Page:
BBREVIATIONS Akt - protein kinase B, Cdc42 (cell division control protein 42 homolog) - a small GTPase of the Rho-subfamily, Cyt C - cytochrome c, DMTU - dimethylthiourea, Grb2 - growth factor receptor-bound protein 2, ERK - extracellular signal-regulated kinases, HIV-1 - human immunodeficiency virus 1, IMS - intermembrane space of mitochondria, JNK - c-Jun N-terminal kinases, MAPK - mitogen-activated protein kinases, mHSP70 - mitochondrial 70 kilodalton heat shock proteins, MnSOD - mitochondrial superoxide dismutase, PKCß - protein kinase Cß, Pin-1 - peptidyl-prolyl cis/trans isomerase, PP2A - Protein phosphatase 2, Prxl -peroxiredoxin 1, PTP - permeability transition pore, PTP-PEST - protein tyrosine phosphatase that contains a C-terminal PEST motif, Rac-1 - ras-related C3 botulinum toxin substrate 1, RAS - rat sarcoma viral oncogene, REF-1 - redox factor 1, ROS - reactive oxygen species, SOS1 (Son of Sevenless) - guanine nucleotide-binding protein, TIM - translocase of the inner membrane of mitochondria, TMPD - N,N,N’,N’- tetramethyl-p-phenyl-diamine, TOM - translocase of the outer membrane of mitochondria. INTRODuCTION The identification of the mutations that lead to the prolongation of the lifespan of various model organisms shows that aging can be considered as a genetic program [1]. One of these genes is p66shc, the deletion of which results in a 30% increase in the lifespan. It is important to note that mice knocked out for p66shc, in comparison with other mouse models with a prolonged lifespan (e.g., mice with the deleted gene of a growth hormone receptor), are fertile and exhibit a normal phenotype [2]. These mice are resistant to oxidative stress and age-related pathologies such as atherosclerosis [3], endothelial disorders [4], AGE (advanced gly-cation end products)-dependent glomerulopathy related to diabetes mellitus [5, 6], and ethanol-induced liver affection [7]. P66shc is an adaptor protein which is coded for by a single locus in Drosophila (dShc), and by four loci in mammals - Shc (ShcA), Sli (ShcB), Rai (ShcC) [8], and RalP [9]. The four mammalian loci code for at least 7 proteins due to the usage of alternative start codons and alternative splicing. Three isoforms encoded by the ShcA locus are designated according to their molecular weights as p46shc, p52shc, and p66shc, respectively. These proteins participate in the regulation of proliferation (p46shc and p52shc) and apoptosis (p66shc) [8]. P66shc is considered to be a relatively “young” protein since it is not found in yeast (Saccharomyces), nematodes (Caenorhabditis), and insects (Drosophila) but appears in amphibians (Xenopus), fishes (Fugu rubripes), and mammals [8]. Since it is the longest isoform, p66shc contains all the most ancient domains that are found in short isoforms p46shc and p52shc (Fig.1), including: the N-terminal phosphotyrosine-binding domain (PTB), the middle collagen homology domain (CH1), and the C-terminal Src-homology domain (SH2). The isoforms that are longer than p46shc contain some additional N-terminal domains: the cytochrome c binding domain (CB), which is common to both p52shc and p66shc, and the collagen-homology domain (CH2), which is unique to p66. P46shc and p52shc fulfill the function of adaptor proteins transmitting signals from various tyrosine-ki-nase receptors, which phosphorylate tyrosine residues in these proteins. Phosphorylation of p46shc/p52shc induces the formation of a complex between GRb2 44 | ACTA NATURAE | VOL. 2 № 4 (7) 2010 REVIEWS ТГ 4 YY .11 T386 Y [ 1 CH2 fCBt PTB ] CH1 Г SH2 1 p66 ÜCB1 PTB 1 CH1 I SH2 I p52 г PTB 1 CH1 jSH2 J p46 =1 PTB 1 CH1 1 SH2 1 CH2 ]=r PTB ] CH1 1 SH2 J p64 =t PTB ] CH1 Il SH2 fl p52 CH2 t} PTB ] CH1 1 SH2 I ShcA/Shc ShcB/Sli ShcC/Rai RalP Fig. 1. Schematic presentation of domain structure of SHC-like proteins. Modified amino acid residues denoted as: serine 36 and 54 (S36 and S54), cysteine 59 (C59), threonine 386 (T386) and tyrosines (Y) phosphorylated during signal transduction from tyrosine kinase receptors. (adaptor protein) and SOS (nucleotide exchange factor), which leads to RAS activation and the induction of the mitogene-activated protein kinases (MAPK) pathway. Although p66shc as p46shc/p52shc is phosphorylated by tyrosine-kinase receptors and interact with the GRb2/SOS complex, it, apparently, does not activate MAPK [10]. The competition between p66shc and p52shc for binding with GRb2 [11] and p66shc-induced displacement of SOS from its complex with GRb2 [12, 13] can mediate the regulation of signal transduction from receptors. However, experiments on animal models knocked out for p66shc showed that the role of this protein in lifespan regulation, oxidative stress, and ap-optosis is accounted for by the CH2 and CB domains, which are not essential for the primary adaptor function of the protein. P66, OXIDATIVE STRESS, AND APOPTOSIS . Studies on mice with a knocked out p66shc gene revealed decreased levels of intracellular ROS, as determined by means of ROS-sensitive probes, as well as reduced levels of oxidative damages to DNA and proteins, estimated by measuring 8-oxo-deoxiguanosine and nitrotyrosines [3,4,14-16]. The mutant mice exhibited higher resistance to paraquat-induced oxidative stress [2]. Studies on various p66shc-deficient cell lines (ones with a deleted p66shc-gene, or cells with a dominant-negative phenotype caused by a Ser36Ala substitution in the target gene) derived from mice, rats, and a human showed that p66shc plays an important role in apoptosis induced by various agents (Table 1). P66shc-mediated oxidative stress is assumed to be the key factor in these experimental models of apoptosis. In particular, certain published data indicate the importance of p66shc-induced oxidative stress in the p53- dependent apoptotic pathway [14]. Data derived from physiological experiments have led to similar conclusions (Table 2). Posttranslational modifications have been shown to play an important role in the pro-apoptotic activity of p66shc. For instance, phosphorylation at Ser36 located in the CH2-domain is indispensable in hydrogen peroxide- or UV-induced apoptosis [2]. Phosphorylation itself is carried out by such kinases as JNK (in response to UV or amyloid ß-peptide) [23, 33], ERK [34], and PKCß in response to treatment by H2O2 [35]. Phosphorylation at Ser36 promotes interaction with 14-33 proteins [36], tyrosine phosphatase PTP-PEST [37], and prolylisomerase Pin-1 [35]. While the significance of the first two interactions remains unclear, Pin-1-mediated p66shc isomerization plays a crucial role in the regulation of p66shc transport into mitochondria and activation of mitochondrion-dependent apoptosis (see below). However, despite the great amount of research confirming the pro-apoptotic functions of p66shc, some studies suggest that it can also exhibit antiapoptotic effects. In a human breast cancer model, as well as in a human stem cell model, it was shown that the suppression of p66shc expression protects from hypoxia-induced cytotoxicity. It was also found that low oxygen concentrations lead to p66shc activation, which, in turn, induces expression of the Notch-3 gene. The latter accounts for the self-renewal of stem cells and their survival under hypoxia. Notch-3 induces the expression of carboanhydrase IX, which also accounts for a hypoxia resistant phenotype [38]. Therefore, a connection exists between p66shc and the pathway that underlies the protection of stem cells from hypoxia. These data clarify the role of p66shc in homeostasis and the self-renewal of stem cells, which are known to occupy specialized tissue compartments or niches containing small amounts of blood vessels and, hence, low oxygen concentrations. It is interesting to note that since the small GTPase Rac-1 is a well-known activator of p66-induced oxidative stress [25], it also plays an essential part in the maintenance and self-renewal of epidermal stem cells. Taken together, these data show that p66shc has a more complex role, acting as a “doubleedged sword” in the regulation of apoptosis, based on environmental conditions and genetic context. MECHANISMS OF P66-DEPENDENT INCREASE IN CELLULAR ROS LEVELS By now, we know the mechanisms p66shc exploits to increase intracellular ROS levels: activation of membrane-bound NADPH-oxidases, down-regulation of antioxidant enzymes synthesis, and generation of ROS in mitochondria. S36 C59 VOL. 2 № 4 (7) 2010 | ACTA NATURAE | 45 REVIEWS Table 1. Cellular models of p66shc inactivation (via either p66shc gene deletion or expression of a dominant-negative mutant of p66shc at S36) with phenotype of apoptosis resistance Cells Cell line name Organism Apoptosis inducer References Embryonic fibroblasts MEF mouse H2O2, UV, staurosporine, isothiocyanate, chloroform [2, 15, 17, 18] Primary cardiomyocyte mouse angiotensin II [19] Transformed renal epithelial cells TKPTS mouse H2O2, cisplatin [13] Hepatocytes transgenic for human TGFa AML12 mouse hypoxia-reoxygenation [20] Endothelial progenitor cells BM c-kit+ mouse high glucose in media [21] Osteoblastic cells OB-6, UAMS-32 mouse H2O2 [22] Pheochromocytoma PC12 rat beta amyloid, constitutively active Rac1 mutant [23] Cardiomyocyte ARVM rat high glucose in media [24] Transformed fibroblast-like cells COS7 green monkey constitutively active Rac1 mutant [25] N euroblastoma SH-SY5Y human beta amyloid [23] Human podocytes immortalized with SV40-T-antigen CIDHPs human HIV-1 transfection [26] Prostatic carcinoma PC3, LNCaP human isothiocyanate [18] Cervical carcinoma HeLa human H2O2 [27] Osteosarcoma SaOs-2 human H2O2 [27] Retinal pigmented epithelial Cells RPE human H2O2 [28] Lymphoma Jurcat human hypoxia, calcium ionophores [29] Transformed renal epithelial cells ф^-293 human cell detachment from a solid matrix [30] Endothelial cells HuVec human cell detachment from a solid matrix [30] p66-dependent Activation of Membrane-bound NADPH-oxidases First of all, it should be noted that p66shc can cause oxidative stress in the cell carrying out its primary function of adaptor protein. As was mentioned above, this protein can negatively regulate RAS-activation by means of displacing the nucleotide exchange factor SOS from its complex with GRb2. It has turned out that this chain of events can be accompanied by the SOS-dependent activation of small GTPase Rac-1, which consequently promotes the assembly of membrane-bound NADPH-oxidases and the production of ROS [12] (Fig. 2). It has been shown that p66shc is necessary for apoptosis induced by a constitutively active Rac-1 mutant. However, this apoptosis scenario does not involve the phosphorylation of Ser36 but phosphorylation of Ser54 and Thr386, instead, which promotes Rac-1-dependent Table 2. p66 involvement in the development of pathologies associated with oxidative stress and demonstrated on physiological models (experiments with p66shc knockout animals or comparison between young and elderly individuals) Pathology associated with apoptosis Organism and genetic line Reference Experimental diabetic glomerulopathy mouse, SV/129 [5] Vascular cell apoptosis and atherogenesis induced by high-fat diet mouse, SV/129 [3] Cardiomyocyte apoptosis in experimental model of diabetes induced by streptozotocin mouse, SV/129 [31] Cerebral cortex hypoxia rat, Sprague-Dawley [32] 46 | ACTA NATURAE | VOL. 2 № 4 (7) 2010 REVIEWS ROS <= NADPH oxidase Fig. 2. P66-dependent activation of plasma membrane NADPH oxidases. P66shc displaces nucleotide exchange factor SOS from Grb2 complex and promotes activation of small GTPase Rac1. Activated Rac1 stimulates NADPH oxidase complex formation and ROS generation. stabilization of p66shc and protects against ubiquitin-mediated degradation [25]. In macrophages, where NADPH-oxidase serves as the major source of ROS, knockout of the p66shc gene undermines the formation of the active NADPH-oxidase complex, ultimately leading to a 40% decrease in ROS-formation. p66shc and Regulation of Expression of Antioxidant Enzymes Previous research has shown that p66shc reduces the expression of such antioxidant enzymes and regulatory factors as glutathione peroxidase-1 [28], MnSOD [7, 20, 28], and REF-1 [20] by means of down-regulation of Forkhead-type transcription factors (e.g., Foxo3a) [23, 40, 41]. In the course of oxidative stress, serine/ threonine protein kinase Akt undergoes phosphorylation and in turn phosphorylates and inactivates Foxo3a. This reaction requires the presence of p66shc in the cell [40] and also its phosphorylation at Ser36 [42]. Outside of that, some data suggest that p66shc, in complex with ßPix (a nucleotide exchange factor for Rac-1 and Cdc42), can cause Akt-independent phosphorylation and the inactivation of Foxo3a [43] (Fig. 3). It should be mentioned that these data are in disagreement with a number of publications which argue that p66shc does not affect the levels of antioxidant enzymes [4, 15-17]. Mitochondrial localization of p66shc and its transport to mitochondria. Studies on the cellular localization of p66shc showed that 32% of this protein is localized in the cytoplasm; 24% is in the endoplasmic reticulum; and 44%, in mitochondria [17]. Inside the mitochondria, p66shc is distributed in the following manner: 35% is in the intramembrane space, 56% is associated with the inner membrane, and 9% is located in the mitochondrial matrix [15]. According to other data, mitochondria contain only 10% of cellular p66shc [44]. These differences told arise from the changes in p66shc intracellular localization caused by external influences. The stimuli that promote p66shc translocation into mitochondria are usually pro-apoptotic factors, such as UV radiation and treatment with H2O2 [17, 35]. However, the mechanism of p66shc transport into mitochondria remains unknown. It is known that a short Shc isoform p46shc is also localized in mitochondria and contains the signal of mitochondrial import [45]. However, mutations in a similar mitochondrial import sequence in p66 did not affect its localization - which probably means that this signal is somehow masked by the N-terminal CH2-domain [44]. It was also shown that p66shc is associated with protein complexes that contain mHSP70, TIM, and TOM subunits and mediate protein transport into mitochondria. P66 is thought to be inactive in these complexes; however, it is believed that under oxidative stress p66 dissociates and thus acquires active conformation [46]. According to data presented in [35], the signal pathway that initiates p66shc translocation into mitochondria upon H2O2 treatment includes the activation of PKCß, which phosphorylates p66 at Ser36. Phosphor-ylated p66 becomes a target of prolylpolymerase Pin-1 that recognizes a proline residue, which follows phos-phorylated serine. After isomerization, p66shc is de-phosphorylated by PP2A phosphatase and transported into mitochondria. The latter event is confirmed by the p66shc and Mitochondria-mediated Apoptosis The fact that cells carrying deletion of the p66shc gene are resistant to various inductors of mitochondria-me-diated apoptosis implies a direct interaction between p66 and mitochondria. Fig. 3. P66 role in regulation of the cellular antioxidant defense system. P66 can downregulate antioxidative ferments and regulatory factors. This downregulation can be induced through both Akt-dependent and Akt-independent inactivation of Forkhead transcription factors. VOL. 2 № 4 (7) 2010 | ACTA NATURAE | 47 REVIEWS Succinate Antimycin A Fig. 4. Model for induction proapoptotic signaling in mitochondria. p66shc (denoted as orange circle) can exist as dimer (circles where "SH" indicates reduced cysteine residue 59) and tetramer (circles with "S" indicating an oxidized cysteine residue 59). Circles with "S?" indicating unknown redox state of a cysteine residue 59 that is responsible for tetram-erisation p66. Interaction of p66shc with peroxiredoxin 1 (Prx1, denoted as violet oval) in cytosol results in a complex presumably consisting of dimeric p66 and dimeric Prx1 in which Prx1 peroxidase activity degrades p66-generated ROS. Oxidative stress leads to dissociation of the complex; PKCß phosphorylates released p66 on S36. Phosphorylated p66 becomes a target for prolyl isomerase Pin1, which recognizes proline following phosphorylated serine residue. After izomerization PP2A dephosphorylates p66shc, which is then transported into mitochondria. During oxidative stress p66shc is released from the high-molecular-mass complex that contains TOM, TIM, and mHsp70. Released p66shc acts as oxidoreductase and transfers electrons from reduced Cyt C to oxygen. As a result, generated ROS lead to perme-ability-transition pore (PTP) opening and induction of apoptosis. These consequences may appear after tetrameric p66 formation during oxidative stress and following depletion of the thoredoxin and glutathione pool (for full explanation, see text). Asc. - ascorbate; DMTU - dimethylthiourea; GSH - glutathione; IMS - intermembrane space of mitochondria; PTP - permeability transition pore; TMPD - N,N,N',N'- tetramethyl-p-phenyldiamine; TRX - thioredoxin. fact that the pool of mitochondrial p66shc is not phos-phorylated [15] (Fig.4). It was also shown in [35] that the absence of p66shc also results in altered Ca-signaling and prevents the fragmentation of mitochondria, which is related to resistance to apoptosis. Redox proapoptotic activity of p66shc and the production of ROS. Current views hold that, in the course of mitochondrial-dependent apoptosis, various signals (ROS, elevated Ca, uncoupled oxidative phosphorylation) promote the formation of a multi-subunit protein complex, which eventually forms a pore in the inner mitochondrial membrane. The permeabilization of both mitochondrial membranes results in the release of Cyt C and other proteins in the cytoplasm, apoptosome formation, and caspase activation [47]. Pelicci et al. have suggested a mechanism explaining the role of p66shc in mitochondrium-dependent apoptosis [15]. It turns out that p66shc is necessary for a drop in the membrane’s potential and Cyt C release in cytosol. Moreover, the addition of cyclosporine A, an inhibitor of permeability transition pore formation, blocked the pro-apoptotic function of p66shc [17]. In vitro showed that the addition of recombinant p66shc to isolated mitochondria with a permeabilized outer membrane results in mitochondria swelling as a result of permeability transition pore formation. This effect was also inhibited by cyclosporine A, catalase, antioxi- 48 | ACTA NATURAE | VOL. 2 № 4 (7) 2010 REVIEWS dant dimethylthiourea, and the inhibitor of complex III of the respiratory chain antimycin A, as well as being dependent on respiratory substrates. Therefore, the obtained data is evidence that permeability-transition pore formation is a key step in p66-mediated apoptosis and that ROS and respiration are also necessary in this process. The application of electrochemical analysis and fluorescent redox-sensitive probes revealed that p66 acts as a redox enzyme and transfers electrons from reduced Cyt C to oxygen. The interaction of p66 with Cyt C is mediated by the CB-domain, which was confirmed by ELISA and site-directed mutagenesis [17]. Incomplete oxygen reduction leads to ROS production, which in turn promotes the formation of a permeability-transi-tion pore. In confirmation of this hypothesis, ROS formation was shown upon the addition of p66 to mitochondria in the absence of substrates of respiration in a medium supplemented with ascorbate/TMPD., a redox couple that selectively reduces Cyt C. ROS formation was also observed even in the absence of mitochondria upon mixing of Cyt C and p66shc. However, in this case, the presence of copper ions was indispensable. Therefore, the Pelicci group suggested the following mechanism of pro-apoptotic action of p66shc (Fig. 4): under normal conditions, p66shc is inactivated and represents a part of the multi-subunit complex comprising TIM, TOM, and mHSP70. Oxidative stress causes p66shc to dissociate from the complex. As a result, p66shc acts as a redox enzyme and transfers electrons from the reduced Cyt C to oxygen. The incomplete reduction of oxygen results in ROS production, which promotes the formation of a permeability-transition pore, mitochondrial swelling, Cyt C release to cytosol, apoptosome assembly, and caspase activation. It is important to realize that the suggested mechanism of p66shc redox activity, which includes Cyt C as an electron donor, is only a reality in vitro. In order to validate this hypothesis, one needs to carry out additional experiments based on fluorescent probes for measuring ROS levels in the mitochondria of cells with an inactive respiratory chain (Rho-0 cells), as well as in cells devoid of Cyt C. It should be noted that the described model has many weak points. For example, p66shc does not contain any well-known redox domains or metal-binding domains. Therefore, its ability to generate ROS only in the presence of copper ions can be an artifact, since copper ions are known to be able to generate ROS during Fenton’s reaction, which could affect the results obtained by means of redox-sensitive fluorescent probes. It is also known that Cyt C, upon oligomerization, can produce ROS as a result of auto-oxidation [48-52]. Taking this into account, one can suggest that p66shc, upon binding with Cyt C, can act as a factor promoting oligomerization and the auto-oxidation of Cyt C, similarly to ptothymosine a, but not as a redox enzyme [53]. Studies on an isolated CH2-CB-domain. The mechanism of action of p66shc was also studied in in vitro experiments with an isolated CH2-CB-domain. It turns out that the recombinant CH2-CB-domain can exist in two forms: reduced, as a dimer, and oxidized, as a tetramer (or a dimer of dimers) which contains disulfide bridges between residues Cys59. The addition of both the CH2-CB-domain and the full-length protein to mitochondria resulted in the formation of a permeability transition pore and swelling; however, only the tetramer exhibited such a pro-apoptotic activity. In contradiction to the data presented in [15], which suggested that ROS production is directly connected to permeability-transition pore formation, the tetramer form of the recombinant CH2-CB-domain generated less ROS than the dimer when mixed with isolated mitochondria. Apart from that, the CH2-CB-domain was shown to trigger ROS production in the presence of dithionite (as an electron donor) and copper ions. However, this effect was not reproduced when dithionite was replaced with Cyt C as an electron donor. Apparently, the other domains of p66shc are necessary either for interaction with Cyt C or for maintenance of the CH2-CB-domain in proper conformation. As a result of the above-described findings, a refined model of p66-mediated apoptosis was suggested. The model assumes that under normal conditions the tetra-meric form of p66 is reduced by mitochondrial antioxidant systems. Under stress conditions, however, antioxidant systems are not able to retain p66shc in their reduced dimeric state, so the oxidized tetrameric forms generate ROS locally, which triggers permeability-transition pore formation and apoptosis. It is important to note that a direct connection between the ROS-generating and pro-apoptotic functions of p66shc does not necessarily exist. For example, a confirmation of this fact can be the lower level of ROS production in the case of pro-apoptotic tetrameric forms of p66shc in comparison to the dimer, which does not induce apoptosis. p66 as a redox sensor. Extensive experiments on the isolated CH2-CB-domain revealed a new interaction partner of p66shc - peroxiredoxine 1 (Prx1). Prx1 is a member of the peroxidase family. These enzymes regulate the redox balance in the cell. Prx1 can exist in the form of a dimer, a decamer (5 dimers) or a mul-timer. Prx1 is basically localized in cytosol, though recent proteomic studies have revealed its presence in VOL. 2 № 4 (7) 2010 | ACTA NATURAE | 49 REVIEWS the perimitochondrial compartment. Under normal conditions, Prx1 exists predominantly in dimeric form, which functions as peroxidase. When the cell is under stress, Prx1 undergoes oxidation and forms decamers that possess lower peroxidase activity. However, upon these transformations Prx1 acquires a chaperone function. Severe oxidative stress leads to the formation of the multimer, which is also devoid of peroxidase activity but can function as a chaperone [56-58]. Interactions between the CH2-CB-domain of p66shc and Prx1 result in the destabilization of the decameric form of Prx1 and favor dimeric form transition. In turn, Prx1, in complex with p66shc, retains p66shc in dimeric form by means of a disulfide exchange between the two proteins. The resulting hybrid complex consists of dimeric p66shc, which generates ROS but has low pro-apoptotic activity, and dimeric Prx1, which functions as a peroxidase. Thus, under normal conditions dimeric Prx1 stabilizes the inactive state of p66shc and degrades ROS which are produced by p66shc. Under stress conditions, cystein residues of proteins are oxidized, resulting in disassembly of the complex: so, the uncomplexed p66shc can now participate in apopto-sis induction [55]. Therefore, the complex of dimeric p66shc and dimeric Prx1 can be considered as a sensor that detects the level of cellular ROS and induced ap-optosis when excessive amounts of ROS are accumulated (Fig. 4). CONCLuSION According to current views, p66shc is a pro-apoptotic protein which regulates oxidative stress and induces the mitochondrial apoptosis pathway by means of redox activity. Although the physiological role of p66shc has been extensively studied, little is known about the precise mechanism of action underlying its redox functions and participation in apoptosis induction. Further studies will endeavor to elucidate the precise mechanism of p66shc translocation into mitochondria and the localization of p66shc-dependent ROS production in the cell. Although p66shc phosphorylation at Ser36 is one of the indispen-sible steps of apoptosis, it was shown that the mitochondrial pool of p66 is not phosphorylated. This indicates that p66shc phosphorylated at Ser36 probably participates in pro-apoptotic events outside mitochondria. P66shc is undoubtedly interesting in terms of the investigation of oxidative stress, apoptosis, and the aging related to it. It is important to note that, to estimate the involvement of p66shc in age-related disorders, it is necessary to better understand its role in cancer. A deeper understanding of the regulatory pathways and structural and mechanistic bases of p66shc redox activity can be important for developing pharmacological approaches to the treatment of age-related disorders. • The author is grateful for the valuable comments and help provided in the preparation of the manuscript by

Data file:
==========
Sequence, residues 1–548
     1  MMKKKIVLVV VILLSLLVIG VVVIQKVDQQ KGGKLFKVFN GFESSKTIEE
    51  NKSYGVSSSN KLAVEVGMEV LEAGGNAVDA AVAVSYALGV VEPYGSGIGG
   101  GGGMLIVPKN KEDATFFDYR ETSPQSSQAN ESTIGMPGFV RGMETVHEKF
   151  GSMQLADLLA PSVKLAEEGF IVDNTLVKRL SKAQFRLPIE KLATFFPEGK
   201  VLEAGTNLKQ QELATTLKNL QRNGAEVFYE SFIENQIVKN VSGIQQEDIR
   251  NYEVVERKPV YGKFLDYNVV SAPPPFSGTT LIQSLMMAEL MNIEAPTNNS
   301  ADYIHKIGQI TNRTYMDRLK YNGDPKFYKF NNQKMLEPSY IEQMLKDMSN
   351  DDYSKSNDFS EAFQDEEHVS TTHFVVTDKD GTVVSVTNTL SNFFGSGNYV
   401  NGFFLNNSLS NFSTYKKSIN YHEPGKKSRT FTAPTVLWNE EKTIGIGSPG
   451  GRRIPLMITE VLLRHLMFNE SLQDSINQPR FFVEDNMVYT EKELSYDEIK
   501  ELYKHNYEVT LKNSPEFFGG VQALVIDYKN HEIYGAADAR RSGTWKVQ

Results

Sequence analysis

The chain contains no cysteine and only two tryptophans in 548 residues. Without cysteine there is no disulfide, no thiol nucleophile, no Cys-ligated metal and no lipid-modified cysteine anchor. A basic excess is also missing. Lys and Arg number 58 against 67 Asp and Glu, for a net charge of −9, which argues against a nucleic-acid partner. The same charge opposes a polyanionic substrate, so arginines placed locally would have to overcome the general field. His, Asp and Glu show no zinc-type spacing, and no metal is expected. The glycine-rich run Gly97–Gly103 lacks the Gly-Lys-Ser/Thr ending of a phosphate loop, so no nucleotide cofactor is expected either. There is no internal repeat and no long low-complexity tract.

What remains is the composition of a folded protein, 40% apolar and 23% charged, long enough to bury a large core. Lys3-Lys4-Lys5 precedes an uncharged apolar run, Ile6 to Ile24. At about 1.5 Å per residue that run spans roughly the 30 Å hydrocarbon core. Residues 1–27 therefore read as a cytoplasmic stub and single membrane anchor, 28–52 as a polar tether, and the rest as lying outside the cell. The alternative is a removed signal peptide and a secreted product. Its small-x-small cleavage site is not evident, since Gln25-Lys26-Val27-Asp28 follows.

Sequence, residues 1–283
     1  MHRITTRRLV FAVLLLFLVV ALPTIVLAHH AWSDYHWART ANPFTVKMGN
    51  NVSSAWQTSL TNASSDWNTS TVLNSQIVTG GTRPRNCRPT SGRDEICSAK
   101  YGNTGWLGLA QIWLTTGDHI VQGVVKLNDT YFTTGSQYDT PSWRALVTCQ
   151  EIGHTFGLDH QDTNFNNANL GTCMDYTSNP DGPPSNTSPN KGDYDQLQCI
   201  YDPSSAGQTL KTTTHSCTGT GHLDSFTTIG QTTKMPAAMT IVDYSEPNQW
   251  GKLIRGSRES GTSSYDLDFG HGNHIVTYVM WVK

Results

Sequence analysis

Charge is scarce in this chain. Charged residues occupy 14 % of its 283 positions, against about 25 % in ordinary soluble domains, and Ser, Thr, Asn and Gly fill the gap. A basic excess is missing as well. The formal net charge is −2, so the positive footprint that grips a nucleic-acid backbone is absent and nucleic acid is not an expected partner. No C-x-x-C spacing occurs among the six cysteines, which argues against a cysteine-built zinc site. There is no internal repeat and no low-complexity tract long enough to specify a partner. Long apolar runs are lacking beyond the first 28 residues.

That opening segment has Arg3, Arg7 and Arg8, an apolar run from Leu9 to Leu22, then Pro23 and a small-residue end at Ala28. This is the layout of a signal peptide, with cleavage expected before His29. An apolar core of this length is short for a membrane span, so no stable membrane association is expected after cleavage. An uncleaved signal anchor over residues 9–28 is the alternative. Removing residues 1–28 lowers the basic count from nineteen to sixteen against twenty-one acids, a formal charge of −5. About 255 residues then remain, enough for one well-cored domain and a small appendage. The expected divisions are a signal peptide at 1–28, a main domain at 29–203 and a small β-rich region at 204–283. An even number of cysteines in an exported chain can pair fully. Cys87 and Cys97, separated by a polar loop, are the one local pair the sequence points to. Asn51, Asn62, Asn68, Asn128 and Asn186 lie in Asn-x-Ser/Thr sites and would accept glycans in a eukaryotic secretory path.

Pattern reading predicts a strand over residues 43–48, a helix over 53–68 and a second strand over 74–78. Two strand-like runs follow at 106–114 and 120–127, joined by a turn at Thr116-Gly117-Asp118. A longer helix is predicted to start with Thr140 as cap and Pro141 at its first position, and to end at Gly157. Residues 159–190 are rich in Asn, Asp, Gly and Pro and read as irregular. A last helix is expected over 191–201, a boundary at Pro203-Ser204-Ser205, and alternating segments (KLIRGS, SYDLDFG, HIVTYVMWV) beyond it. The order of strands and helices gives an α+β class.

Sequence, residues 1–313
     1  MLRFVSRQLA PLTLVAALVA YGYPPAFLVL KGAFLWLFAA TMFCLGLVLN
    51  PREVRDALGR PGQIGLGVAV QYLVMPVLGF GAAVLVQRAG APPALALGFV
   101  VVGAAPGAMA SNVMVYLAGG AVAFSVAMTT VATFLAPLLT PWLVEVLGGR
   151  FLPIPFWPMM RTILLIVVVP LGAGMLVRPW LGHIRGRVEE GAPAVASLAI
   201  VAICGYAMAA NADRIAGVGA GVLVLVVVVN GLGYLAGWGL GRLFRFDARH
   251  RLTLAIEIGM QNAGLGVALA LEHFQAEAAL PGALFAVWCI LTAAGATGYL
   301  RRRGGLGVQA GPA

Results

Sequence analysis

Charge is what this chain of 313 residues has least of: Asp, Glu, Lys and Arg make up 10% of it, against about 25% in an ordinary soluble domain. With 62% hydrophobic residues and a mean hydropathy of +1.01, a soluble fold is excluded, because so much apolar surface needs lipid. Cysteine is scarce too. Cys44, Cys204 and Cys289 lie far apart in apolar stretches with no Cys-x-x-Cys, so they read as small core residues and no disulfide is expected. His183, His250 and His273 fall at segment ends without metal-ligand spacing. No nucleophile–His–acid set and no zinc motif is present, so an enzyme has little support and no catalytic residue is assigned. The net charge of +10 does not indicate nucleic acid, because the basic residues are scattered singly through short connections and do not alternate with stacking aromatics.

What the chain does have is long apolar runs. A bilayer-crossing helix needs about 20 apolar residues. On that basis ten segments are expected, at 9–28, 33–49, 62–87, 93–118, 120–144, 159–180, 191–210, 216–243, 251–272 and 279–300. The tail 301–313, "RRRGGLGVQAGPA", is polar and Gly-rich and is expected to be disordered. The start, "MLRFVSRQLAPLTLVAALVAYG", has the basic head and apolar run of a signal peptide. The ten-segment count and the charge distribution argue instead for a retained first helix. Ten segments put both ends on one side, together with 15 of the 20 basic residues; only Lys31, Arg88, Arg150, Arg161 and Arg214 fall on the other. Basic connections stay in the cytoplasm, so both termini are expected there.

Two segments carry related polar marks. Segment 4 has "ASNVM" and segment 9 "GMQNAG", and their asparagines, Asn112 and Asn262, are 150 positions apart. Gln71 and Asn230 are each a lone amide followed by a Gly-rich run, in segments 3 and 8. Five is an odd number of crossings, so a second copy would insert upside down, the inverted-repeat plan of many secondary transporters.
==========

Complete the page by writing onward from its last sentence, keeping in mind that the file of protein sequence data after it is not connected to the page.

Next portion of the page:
E R Galimov

Belozersky Institute of Physico-Chemical Biology, Moscow State University